The kid was trouble, no doubt about it. He seemed to know just how far to push his mom before real trouble ensued, and she was limited in what she could do to him on the plain. He kicked his legs, thunking them against his own chair instead of the seat in front of him. And, occasionally, he would poke his sister, which would set off a new round of wailing and Mom shushing.
Amanda, up at the front, chatted with another flight attendant, but had worried eyes and emphatic whispers for our row.
I got up and went over to the mother. “Excuse me, there’s an empty seat next to mine. I can move over and he can have my seat. He’ll still be close enough to keep an eye on.”
“Oh my God, thank you. Mikey,” she addressed the kid, “I want you to go sit over there.”
He looked doubtful, ready to rebel.
“Come on, kid, it’s the cool section, and I’ll let you wear my hat.”
“You’re not wearing a hat,” he came back.
“Doesn’t mean I don’t have one.” I turned and opened up my overhead, pulling out my fedora. It was crushable, so I was able to pop it back into shape. I held it by the back brim toward Mikey. He reached for it, but I pulled it back.
“We got a deal?”
He looked at me, the hat, and then back to his mom. It wasn’t about the hat. He probably thought it was stupid—and he would be wrong about that—it was about him getting something and not just obeying his mom.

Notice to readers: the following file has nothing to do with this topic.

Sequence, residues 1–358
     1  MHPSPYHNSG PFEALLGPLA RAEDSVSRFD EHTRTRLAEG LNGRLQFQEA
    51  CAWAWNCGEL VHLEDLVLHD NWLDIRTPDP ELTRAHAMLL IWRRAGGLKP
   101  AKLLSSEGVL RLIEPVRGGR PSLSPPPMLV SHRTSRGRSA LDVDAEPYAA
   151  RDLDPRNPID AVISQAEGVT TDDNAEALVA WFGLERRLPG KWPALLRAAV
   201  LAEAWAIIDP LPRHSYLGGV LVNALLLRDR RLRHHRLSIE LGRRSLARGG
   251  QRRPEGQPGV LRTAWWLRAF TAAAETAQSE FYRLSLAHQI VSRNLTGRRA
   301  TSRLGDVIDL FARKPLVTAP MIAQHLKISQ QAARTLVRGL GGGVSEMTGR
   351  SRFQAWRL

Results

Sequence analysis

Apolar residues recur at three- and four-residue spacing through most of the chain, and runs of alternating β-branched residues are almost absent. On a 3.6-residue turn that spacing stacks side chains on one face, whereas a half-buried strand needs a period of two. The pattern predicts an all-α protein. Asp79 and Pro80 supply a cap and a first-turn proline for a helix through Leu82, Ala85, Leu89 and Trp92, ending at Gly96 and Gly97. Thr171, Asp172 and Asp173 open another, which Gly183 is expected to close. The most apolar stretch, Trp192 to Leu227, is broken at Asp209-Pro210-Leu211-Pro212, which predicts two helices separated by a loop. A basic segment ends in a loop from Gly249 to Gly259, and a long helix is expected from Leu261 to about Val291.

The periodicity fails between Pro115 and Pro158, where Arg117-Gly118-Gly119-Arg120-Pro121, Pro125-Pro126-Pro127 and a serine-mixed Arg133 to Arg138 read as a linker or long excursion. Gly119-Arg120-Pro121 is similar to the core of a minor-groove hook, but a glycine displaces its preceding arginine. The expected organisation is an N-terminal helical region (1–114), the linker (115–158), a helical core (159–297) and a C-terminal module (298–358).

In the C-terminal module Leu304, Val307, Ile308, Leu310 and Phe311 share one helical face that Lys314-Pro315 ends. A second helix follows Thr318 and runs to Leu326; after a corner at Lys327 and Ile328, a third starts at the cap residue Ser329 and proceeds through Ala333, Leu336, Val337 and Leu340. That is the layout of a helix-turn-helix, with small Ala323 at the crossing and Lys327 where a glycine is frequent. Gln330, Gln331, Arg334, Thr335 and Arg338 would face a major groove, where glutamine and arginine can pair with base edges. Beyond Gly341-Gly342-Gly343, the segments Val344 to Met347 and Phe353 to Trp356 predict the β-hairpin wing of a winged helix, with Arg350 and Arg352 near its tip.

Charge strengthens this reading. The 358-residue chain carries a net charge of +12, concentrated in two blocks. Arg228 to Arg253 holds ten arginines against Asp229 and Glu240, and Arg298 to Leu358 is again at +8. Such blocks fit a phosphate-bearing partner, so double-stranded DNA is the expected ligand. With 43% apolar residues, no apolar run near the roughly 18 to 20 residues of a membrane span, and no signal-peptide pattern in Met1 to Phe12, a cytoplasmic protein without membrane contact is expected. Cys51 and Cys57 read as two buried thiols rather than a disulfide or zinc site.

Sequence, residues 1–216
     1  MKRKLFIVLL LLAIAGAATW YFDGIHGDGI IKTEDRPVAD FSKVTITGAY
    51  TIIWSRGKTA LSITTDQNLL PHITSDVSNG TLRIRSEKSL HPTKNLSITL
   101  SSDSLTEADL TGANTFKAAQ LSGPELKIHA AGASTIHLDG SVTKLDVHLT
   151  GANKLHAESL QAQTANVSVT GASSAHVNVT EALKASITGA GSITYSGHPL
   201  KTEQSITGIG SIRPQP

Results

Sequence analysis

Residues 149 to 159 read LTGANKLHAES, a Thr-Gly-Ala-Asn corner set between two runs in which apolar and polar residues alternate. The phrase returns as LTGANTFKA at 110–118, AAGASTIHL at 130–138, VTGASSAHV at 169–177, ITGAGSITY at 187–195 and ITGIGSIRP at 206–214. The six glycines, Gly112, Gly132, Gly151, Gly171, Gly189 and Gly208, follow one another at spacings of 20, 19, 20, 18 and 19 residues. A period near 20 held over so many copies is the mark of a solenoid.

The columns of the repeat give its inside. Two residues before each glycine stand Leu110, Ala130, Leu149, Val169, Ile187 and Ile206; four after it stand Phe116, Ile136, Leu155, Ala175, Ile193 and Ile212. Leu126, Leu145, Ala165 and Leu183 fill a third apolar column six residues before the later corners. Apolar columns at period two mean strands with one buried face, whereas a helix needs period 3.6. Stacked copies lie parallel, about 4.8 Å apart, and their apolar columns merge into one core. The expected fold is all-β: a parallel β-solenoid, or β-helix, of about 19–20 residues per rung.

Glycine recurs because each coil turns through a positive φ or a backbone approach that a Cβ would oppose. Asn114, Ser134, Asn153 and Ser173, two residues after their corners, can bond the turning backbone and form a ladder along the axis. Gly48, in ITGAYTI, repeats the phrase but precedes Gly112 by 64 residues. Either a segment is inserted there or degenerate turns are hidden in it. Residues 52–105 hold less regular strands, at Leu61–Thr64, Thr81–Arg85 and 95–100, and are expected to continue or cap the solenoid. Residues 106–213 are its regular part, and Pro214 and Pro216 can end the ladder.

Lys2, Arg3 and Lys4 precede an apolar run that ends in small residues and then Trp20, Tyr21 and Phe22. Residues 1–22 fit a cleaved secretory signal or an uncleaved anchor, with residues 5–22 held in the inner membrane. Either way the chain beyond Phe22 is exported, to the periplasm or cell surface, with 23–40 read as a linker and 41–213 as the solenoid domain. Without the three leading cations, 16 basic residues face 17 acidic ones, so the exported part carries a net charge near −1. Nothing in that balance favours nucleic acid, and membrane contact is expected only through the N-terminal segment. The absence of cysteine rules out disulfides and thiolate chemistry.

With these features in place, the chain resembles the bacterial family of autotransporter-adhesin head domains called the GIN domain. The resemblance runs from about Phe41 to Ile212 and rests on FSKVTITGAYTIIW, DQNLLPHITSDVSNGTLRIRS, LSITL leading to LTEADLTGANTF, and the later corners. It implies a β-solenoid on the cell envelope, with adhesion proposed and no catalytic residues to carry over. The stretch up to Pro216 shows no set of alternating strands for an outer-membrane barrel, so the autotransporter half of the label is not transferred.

He nodded and got up.
“He would be wrong?” Nikki asked skeptically.
“Yes he would. That’s a foregone conclusion.”
“I think you are taking your affectation for fedoras too far, Matthew.”
“I don’t even know what that means. Not only do fedoras look good, they’re practical. Besides, this is not an affectation, it’s a requirement. A private detective must wear a fedora.”
“I’m sure that in the state licensing requirements it makes no mention of a fedora.”
“Yeah, like I’m going to let them tell me how to be a detective. Spade and Marlowe. They wear ‘em, I wear ‘em. The end.”
She sighed, “I shall relent, not because of your cogent argument, but because I do agree that they look dashing on you.”
I grinned. “I win.”
“Yes, now getting back to your new detective-in-training?”
“In a minute, I need to bask in my victory.”
Nikki rolled her eyes, but stayed silent.